It is important to have tartar removed, because it greatly increases the risk of decay and gum disease. If left untreated, chronic gingivitis and degenerative tooth loss may be the outcome. For patients with underlying health conditions, the consequences can be extremely serious. Dental scientists now know that poor oral health can contribute to the development of things like diabetes and coronary disease.
Graduates of dental hygienist programs offered by community colleges receive an education rooted in comprehensive patient care, community health and lifelong oral health. Without the addition of general education courses, students focus solely on topics directly related to their future careers and are prepared to undertake licensure requirements upon graduation.
The 2 Series Sonicare is without a doubt consumers’ top pick. With over 4,000 positive reviews on Amazon and a 4.3 rating, this older model will not be extinct anytime soon. Especially now that it is available in 5 different colors, including a “white on ultra-coral” that I am itching to simply call “pink”. But, let’s leave color definitions to Philips.
agreed. they left out models that use regular batteries claiming they are “wasteful” which is untrue. i’d much prefer replacing a universal rechargeable AA/AAA eneloop battery and avoid the much more wasteful planned obsolescence of a built-in rechargeable. an added benefit is that i could use the brush while traveling, knowing i can always replace the battery should it die. plus, they are MUCH cheaper. unfortunately, due to lack of comparison reviews, i bought into the proprietary rechargeable scheme.
Q: How did the noise on the Sonicare Series 2 compare with the other Sonicare brushes you tested? The reviews on Amazon seem to indicate that it’s significantly louder and that the heads don’t fit as well.
I’ve used regular toothbrushes my entire life, but at the recommendation of my new dentist, I looked into an electric tooth brush. I asked my dentist if she had a recommendation, but she more or less said that any electric toothbrush will likely be better than a manual toothbrush, but that she personally uses a Sonicare tooth brush that’s a few years old. With that in mind, down the rabbit hole if internet researching I went.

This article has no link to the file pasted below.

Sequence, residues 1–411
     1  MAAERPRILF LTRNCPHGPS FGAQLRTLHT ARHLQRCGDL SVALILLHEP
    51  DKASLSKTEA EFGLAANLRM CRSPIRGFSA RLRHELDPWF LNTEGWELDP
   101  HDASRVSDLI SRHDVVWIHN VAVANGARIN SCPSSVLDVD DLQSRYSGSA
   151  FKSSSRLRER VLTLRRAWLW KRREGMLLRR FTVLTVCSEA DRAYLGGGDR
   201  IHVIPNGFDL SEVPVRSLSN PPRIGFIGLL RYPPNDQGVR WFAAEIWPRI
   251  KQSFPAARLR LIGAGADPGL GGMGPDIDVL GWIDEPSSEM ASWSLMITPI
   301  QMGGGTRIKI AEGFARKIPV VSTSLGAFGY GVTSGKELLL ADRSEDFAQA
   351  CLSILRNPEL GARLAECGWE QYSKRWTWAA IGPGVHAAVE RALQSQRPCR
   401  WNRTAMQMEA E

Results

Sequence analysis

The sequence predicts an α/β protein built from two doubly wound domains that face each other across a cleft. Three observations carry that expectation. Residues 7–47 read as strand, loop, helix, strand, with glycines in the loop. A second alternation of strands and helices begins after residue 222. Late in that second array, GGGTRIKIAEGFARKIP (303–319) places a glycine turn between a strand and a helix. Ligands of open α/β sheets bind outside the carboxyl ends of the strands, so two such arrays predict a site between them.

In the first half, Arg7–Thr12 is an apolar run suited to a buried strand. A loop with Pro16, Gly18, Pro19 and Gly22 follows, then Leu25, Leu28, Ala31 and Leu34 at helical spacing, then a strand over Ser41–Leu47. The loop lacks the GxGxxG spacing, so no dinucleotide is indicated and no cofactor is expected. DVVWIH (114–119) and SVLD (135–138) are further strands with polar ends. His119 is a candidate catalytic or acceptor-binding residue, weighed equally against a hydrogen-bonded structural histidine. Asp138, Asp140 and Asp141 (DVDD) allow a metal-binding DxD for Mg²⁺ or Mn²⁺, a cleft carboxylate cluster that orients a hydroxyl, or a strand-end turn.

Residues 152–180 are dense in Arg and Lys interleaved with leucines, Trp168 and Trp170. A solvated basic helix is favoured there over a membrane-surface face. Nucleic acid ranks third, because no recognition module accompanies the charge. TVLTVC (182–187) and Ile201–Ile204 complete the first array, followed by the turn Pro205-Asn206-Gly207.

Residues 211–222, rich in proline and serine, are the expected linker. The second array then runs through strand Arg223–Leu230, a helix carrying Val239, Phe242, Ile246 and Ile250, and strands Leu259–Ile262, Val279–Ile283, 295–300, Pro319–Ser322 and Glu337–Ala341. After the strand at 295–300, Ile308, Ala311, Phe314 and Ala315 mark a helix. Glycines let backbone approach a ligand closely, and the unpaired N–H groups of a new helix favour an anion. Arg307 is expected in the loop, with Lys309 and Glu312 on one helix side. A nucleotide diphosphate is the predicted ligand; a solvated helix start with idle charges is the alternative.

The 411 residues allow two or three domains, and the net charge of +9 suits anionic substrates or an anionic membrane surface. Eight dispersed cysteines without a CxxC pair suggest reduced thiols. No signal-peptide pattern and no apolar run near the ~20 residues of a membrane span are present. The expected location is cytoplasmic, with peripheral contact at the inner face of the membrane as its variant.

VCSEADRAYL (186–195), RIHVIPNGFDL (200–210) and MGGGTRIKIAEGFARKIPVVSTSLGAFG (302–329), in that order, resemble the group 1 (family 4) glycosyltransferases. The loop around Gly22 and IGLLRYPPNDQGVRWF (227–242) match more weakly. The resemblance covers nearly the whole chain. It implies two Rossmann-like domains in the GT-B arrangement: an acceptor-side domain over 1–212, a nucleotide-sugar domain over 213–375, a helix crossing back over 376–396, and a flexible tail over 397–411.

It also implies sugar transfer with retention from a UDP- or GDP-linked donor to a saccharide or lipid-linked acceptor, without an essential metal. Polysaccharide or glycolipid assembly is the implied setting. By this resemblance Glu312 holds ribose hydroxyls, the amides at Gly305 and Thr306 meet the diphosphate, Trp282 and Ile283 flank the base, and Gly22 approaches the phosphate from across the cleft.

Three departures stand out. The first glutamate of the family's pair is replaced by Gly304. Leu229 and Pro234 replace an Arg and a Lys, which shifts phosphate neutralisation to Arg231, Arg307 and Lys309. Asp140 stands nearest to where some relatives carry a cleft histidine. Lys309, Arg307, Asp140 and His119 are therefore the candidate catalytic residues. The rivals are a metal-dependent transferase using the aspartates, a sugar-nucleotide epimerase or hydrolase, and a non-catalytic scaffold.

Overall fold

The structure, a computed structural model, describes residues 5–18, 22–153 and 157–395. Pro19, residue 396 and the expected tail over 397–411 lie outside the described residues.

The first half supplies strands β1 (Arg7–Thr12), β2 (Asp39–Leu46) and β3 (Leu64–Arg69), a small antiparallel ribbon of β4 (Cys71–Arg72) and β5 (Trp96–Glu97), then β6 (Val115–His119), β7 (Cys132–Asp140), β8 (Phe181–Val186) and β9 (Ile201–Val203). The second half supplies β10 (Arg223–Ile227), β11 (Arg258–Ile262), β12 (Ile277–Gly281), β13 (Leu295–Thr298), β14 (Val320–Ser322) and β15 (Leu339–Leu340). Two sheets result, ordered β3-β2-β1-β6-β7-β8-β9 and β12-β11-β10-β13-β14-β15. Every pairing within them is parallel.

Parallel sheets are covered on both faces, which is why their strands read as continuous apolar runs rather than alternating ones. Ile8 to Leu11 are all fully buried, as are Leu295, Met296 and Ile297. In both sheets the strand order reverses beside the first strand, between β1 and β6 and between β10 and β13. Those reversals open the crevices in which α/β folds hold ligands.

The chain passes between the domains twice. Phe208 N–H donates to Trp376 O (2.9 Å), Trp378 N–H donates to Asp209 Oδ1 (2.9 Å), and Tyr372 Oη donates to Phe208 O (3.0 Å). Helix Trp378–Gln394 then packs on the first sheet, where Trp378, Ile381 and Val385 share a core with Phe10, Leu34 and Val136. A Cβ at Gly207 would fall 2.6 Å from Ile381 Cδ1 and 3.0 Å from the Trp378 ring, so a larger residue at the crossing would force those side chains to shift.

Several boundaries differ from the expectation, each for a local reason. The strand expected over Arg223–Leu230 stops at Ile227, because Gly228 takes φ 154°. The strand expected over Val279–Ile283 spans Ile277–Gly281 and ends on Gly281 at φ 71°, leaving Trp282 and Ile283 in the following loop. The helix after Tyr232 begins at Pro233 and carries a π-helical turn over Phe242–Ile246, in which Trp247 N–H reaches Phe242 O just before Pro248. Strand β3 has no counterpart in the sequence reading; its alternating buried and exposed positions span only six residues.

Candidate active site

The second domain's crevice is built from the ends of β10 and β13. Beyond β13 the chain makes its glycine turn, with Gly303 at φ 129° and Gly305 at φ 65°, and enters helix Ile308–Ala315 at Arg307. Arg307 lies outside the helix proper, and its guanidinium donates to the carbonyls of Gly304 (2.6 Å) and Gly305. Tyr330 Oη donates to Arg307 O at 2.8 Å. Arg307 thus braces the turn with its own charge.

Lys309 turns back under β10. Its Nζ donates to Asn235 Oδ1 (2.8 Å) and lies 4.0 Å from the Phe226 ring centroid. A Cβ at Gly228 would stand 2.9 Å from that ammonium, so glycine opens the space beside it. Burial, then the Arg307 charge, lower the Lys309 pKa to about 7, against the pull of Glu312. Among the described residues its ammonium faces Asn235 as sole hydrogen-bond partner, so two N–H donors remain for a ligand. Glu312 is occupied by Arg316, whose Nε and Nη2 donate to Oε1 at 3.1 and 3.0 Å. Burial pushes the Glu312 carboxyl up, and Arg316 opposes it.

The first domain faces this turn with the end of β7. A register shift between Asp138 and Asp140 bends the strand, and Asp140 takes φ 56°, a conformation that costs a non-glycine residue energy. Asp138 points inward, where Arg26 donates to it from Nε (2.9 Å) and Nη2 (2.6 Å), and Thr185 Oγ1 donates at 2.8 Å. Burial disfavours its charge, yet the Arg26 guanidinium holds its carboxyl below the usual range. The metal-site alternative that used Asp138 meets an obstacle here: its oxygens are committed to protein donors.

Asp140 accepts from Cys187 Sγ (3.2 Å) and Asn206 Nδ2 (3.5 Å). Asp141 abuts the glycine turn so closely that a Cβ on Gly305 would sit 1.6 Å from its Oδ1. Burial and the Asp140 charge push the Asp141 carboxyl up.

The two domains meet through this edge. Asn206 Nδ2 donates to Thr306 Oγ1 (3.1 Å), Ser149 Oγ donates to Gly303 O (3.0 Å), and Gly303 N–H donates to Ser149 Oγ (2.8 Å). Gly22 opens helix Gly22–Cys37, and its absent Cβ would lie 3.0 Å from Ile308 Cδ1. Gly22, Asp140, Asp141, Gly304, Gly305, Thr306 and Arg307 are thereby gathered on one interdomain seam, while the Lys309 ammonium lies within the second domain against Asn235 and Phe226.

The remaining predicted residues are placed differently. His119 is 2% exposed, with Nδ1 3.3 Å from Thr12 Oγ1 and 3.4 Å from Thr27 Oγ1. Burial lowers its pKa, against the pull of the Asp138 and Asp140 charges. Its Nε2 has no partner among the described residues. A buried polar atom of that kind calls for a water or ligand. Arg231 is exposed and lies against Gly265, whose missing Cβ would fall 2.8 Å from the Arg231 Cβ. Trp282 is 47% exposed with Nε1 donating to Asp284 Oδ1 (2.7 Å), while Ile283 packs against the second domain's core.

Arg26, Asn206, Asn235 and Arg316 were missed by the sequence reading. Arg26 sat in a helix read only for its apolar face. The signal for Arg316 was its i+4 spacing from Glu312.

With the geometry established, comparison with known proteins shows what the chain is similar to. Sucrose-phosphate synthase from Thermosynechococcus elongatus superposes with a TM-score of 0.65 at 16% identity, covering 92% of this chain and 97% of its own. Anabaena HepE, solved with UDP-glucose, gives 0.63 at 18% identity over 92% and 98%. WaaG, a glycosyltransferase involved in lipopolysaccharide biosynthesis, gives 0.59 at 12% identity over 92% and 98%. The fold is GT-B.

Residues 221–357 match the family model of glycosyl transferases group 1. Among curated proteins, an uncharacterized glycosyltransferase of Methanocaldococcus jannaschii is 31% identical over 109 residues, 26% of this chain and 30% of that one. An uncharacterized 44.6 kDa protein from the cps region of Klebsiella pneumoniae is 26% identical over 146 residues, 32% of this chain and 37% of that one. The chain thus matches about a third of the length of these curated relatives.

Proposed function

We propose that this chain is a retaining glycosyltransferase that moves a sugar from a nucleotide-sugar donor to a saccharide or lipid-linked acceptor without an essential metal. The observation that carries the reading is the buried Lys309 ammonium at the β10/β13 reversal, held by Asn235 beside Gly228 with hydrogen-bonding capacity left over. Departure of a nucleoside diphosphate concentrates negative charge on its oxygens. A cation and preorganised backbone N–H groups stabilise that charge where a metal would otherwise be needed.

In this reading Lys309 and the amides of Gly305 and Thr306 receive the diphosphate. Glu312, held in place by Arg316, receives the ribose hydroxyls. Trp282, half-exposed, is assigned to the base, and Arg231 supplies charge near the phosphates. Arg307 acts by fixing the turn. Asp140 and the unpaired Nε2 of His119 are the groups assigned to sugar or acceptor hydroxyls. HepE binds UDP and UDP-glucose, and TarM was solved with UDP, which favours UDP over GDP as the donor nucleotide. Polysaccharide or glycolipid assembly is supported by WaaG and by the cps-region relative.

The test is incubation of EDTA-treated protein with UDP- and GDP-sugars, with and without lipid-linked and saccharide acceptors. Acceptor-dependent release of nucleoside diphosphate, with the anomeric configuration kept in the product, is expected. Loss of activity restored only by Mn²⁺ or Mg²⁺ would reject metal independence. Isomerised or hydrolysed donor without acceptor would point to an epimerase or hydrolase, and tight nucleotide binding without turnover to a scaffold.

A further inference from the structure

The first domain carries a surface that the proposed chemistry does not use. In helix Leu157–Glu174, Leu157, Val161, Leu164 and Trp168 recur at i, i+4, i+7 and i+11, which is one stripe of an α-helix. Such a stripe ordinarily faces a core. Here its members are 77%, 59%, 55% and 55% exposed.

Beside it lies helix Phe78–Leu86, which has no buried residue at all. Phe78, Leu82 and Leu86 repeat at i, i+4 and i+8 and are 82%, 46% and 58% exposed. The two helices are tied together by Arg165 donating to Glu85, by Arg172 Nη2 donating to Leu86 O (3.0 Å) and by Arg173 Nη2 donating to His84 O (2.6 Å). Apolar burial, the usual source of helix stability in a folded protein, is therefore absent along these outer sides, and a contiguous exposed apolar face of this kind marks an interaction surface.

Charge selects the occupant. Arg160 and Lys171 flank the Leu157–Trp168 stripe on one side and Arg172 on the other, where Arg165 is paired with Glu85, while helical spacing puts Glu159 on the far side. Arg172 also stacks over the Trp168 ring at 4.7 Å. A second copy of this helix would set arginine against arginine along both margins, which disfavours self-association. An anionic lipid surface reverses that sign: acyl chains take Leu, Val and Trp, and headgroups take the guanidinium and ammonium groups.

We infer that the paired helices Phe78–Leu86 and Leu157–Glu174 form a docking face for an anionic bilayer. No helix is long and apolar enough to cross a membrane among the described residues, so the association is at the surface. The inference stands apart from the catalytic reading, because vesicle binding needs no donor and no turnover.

The Flexcare+ and Diamond Clean are like a completely another world and could not be compared. I have used my Flexcare+ (HX6922) for more than 2 months and it is fantastic. I still look forward to brush my teeth with it and it is not to be compared with Oral B or lower end Sonicare. I had the Oral B Triumpf 5000 (Top model when I bought it) and it is not to be compared. It creates more noice, more vibrations in handle, is less sofisiticated and much lower efficiency (teeth does not feel silky smooth after brushing) and needs to be charged more frequently and have a clearly more noticeable difference in performance when newly charged.
Proper brushing, especially with a tartar control toothpaste, and flossing are necessary to reduce plaque and tartar buildup. Once tartar has formed, only your dentist or dental hygienist can remove it professionally.
The first bacteria to colonize the pellicle after you’ve cleaned your teeth consists of gram positive, rounded aerobic bacteria, especially Streptococcus sanguinis. Within just minutes of initial attachment, the oxygen rich environment inside your mouth causes them to reproduce and grow into micro-colonies. Then, other bacteria join in, notably Streptococcus mutans, one of the main bacterial causes of dental caries. Streptococcus mutans produce an enzyme called glucosyltransferase, which converts sucrose (sugar) into exopolysaccharides. These exopolysaccharides are sticky, allowing more bacteria to adhere.